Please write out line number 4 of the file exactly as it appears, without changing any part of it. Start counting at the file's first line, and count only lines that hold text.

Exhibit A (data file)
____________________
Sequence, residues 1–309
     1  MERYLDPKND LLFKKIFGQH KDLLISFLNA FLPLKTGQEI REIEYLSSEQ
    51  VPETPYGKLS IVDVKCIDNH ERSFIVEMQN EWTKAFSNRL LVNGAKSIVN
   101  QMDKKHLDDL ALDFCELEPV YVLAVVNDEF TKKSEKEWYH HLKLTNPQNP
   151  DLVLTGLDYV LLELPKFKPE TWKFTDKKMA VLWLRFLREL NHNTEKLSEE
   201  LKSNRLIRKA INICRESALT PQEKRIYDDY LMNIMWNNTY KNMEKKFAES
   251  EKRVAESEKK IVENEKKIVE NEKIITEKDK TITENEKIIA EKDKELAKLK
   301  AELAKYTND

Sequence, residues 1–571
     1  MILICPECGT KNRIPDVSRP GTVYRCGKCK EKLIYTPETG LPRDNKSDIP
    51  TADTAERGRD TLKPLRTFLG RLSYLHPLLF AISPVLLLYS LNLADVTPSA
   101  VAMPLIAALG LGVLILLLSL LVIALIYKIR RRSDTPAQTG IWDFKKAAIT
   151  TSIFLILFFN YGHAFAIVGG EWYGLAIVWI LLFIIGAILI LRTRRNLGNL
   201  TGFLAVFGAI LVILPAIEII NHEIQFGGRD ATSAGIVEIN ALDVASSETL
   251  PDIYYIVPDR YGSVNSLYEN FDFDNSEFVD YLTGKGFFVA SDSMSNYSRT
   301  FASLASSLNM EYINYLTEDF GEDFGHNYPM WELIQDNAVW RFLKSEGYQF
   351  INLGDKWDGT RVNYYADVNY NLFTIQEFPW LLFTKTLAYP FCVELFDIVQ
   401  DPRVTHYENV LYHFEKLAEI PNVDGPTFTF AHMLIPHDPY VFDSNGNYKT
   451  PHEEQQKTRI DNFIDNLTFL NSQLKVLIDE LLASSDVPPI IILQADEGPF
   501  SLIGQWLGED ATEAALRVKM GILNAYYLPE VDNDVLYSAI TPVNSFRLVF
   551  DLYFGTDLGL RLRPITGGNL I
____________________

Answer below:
   101  QMDKKHLDDL ALDFCELEPV YVLAVVNDEF TKKSEKEWYH HLKLTNPQNP